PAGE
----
SaberMETrics: ESPN Poll, Batting Average v. OBP

An article by posted on May 6, 2010

There’s no possible way I could’ve let this go without a quick blog. This is for all of those fans out there that have called sabermetrics crap when referencing OBP. I still don’t get that really since OBP wasn’t invented with sabermetrics.

ESPN did a poll of 100 MLB Players. They asked the players 20 quick questions, allowing them to remain anonymous.

Now for the readers out there that say they never look at OBP, or that OBP is a useless stat. Explain this to me.

Question: What’s the most overrated and underrated statistic in baseball?This one got 23 different responses, including “the one that says Derek Jeter is the worst defensive shortstop in baseball” and “any new one.” The biggest loser: batting average (16 percent, just ahead of ERA, 13 percent). “Who cares if you get a bunch of singles and end up hitting .320?” says an AL outfielder who didn’t approach .320 in 2009.” 

“Most underrated stat was on-base percentage (14 percent), beating runs and WHIP (10 percent each). Says the singles-hitter hater: “OBP shows the true impact of a hitter.”

Most overrated

1. Batting average: 16%
2. ERA: 13%
3. Saves: 12%
4. Pitcher’s win-loss record: 11%
T5. Holds, on-base percentage: 6% each
7. Home runs: 4%
T8. Four stats tied with 3% each
T12. Six stats tied with 2% each
T18. Eight stats tied with 1%

Most underrated

1. On-base percentage: 14%
T2. Runs; WHIP: 10% each
T4. ERA; batting average with runners in scoring position: 4% each
T6. 12 stats tied with 3% each
T18. Eight stats tied with 2% each
T26. Six stats tied with 1% each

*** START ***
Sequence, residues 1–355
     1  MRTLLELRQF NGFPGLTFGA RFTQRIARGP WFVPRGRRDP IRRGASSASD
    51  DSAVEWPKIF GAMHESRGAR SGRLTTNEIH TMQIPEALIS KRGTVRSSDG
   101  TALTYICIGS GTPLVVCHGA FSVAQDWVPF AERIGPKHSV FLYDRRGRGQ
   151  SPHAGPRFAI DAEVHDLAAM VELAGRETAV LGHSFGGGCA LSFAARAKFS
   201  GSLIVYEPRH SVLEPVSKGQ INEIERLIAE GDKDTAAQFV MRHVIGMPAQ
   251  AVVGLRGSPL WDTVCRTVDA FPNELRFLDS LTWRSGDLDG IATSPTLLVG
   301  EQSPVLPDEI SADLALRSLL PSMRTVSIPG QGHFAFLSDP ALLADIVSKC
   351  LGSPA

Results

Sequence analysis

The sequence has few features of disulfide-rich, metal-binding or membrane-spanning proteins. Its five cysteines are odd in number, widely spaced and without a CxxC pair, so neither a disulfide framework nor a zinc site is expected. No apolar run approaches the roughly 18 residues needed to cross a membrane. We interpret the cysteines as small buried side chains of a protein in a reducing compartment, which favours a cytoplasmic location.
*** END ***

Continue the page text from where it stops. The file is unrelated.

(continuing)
So I ask you, the hater of sabermetrics, the one who claims OBP is useless, or claims it has little to no importance in the game of baseball. I ask of you to explain to me why the men who suit up every night claimed that OBP is the more underrated stat, and also included WHIP in there as well. While the old fashioned stats that people like myself believe paint only half the picture such as AVG, ERA, W-L etc. were listed among the most overrated?

If this does anything, maybe it will at least open your eyes to the fact that OBP is as important of a stat as you will find for an offensive player. You don’t have to fall head over heels for the stat, but you do need to start paying attention to it. Don’t listen to me, listen to the guys we write about. As the hitter quoted above states, “OBP shows the true impact of a hitter.”

About the Author ()

Michael Branda grew up a Mets fan watching the mid 1980's teams and his favorite Met of all-time is (and was) Wally Backman. When it comes to sabermetrics versus old school thinking, he's in the middle and believes adopting new ways to get answers is helpful, especially when the old way has not produced results.

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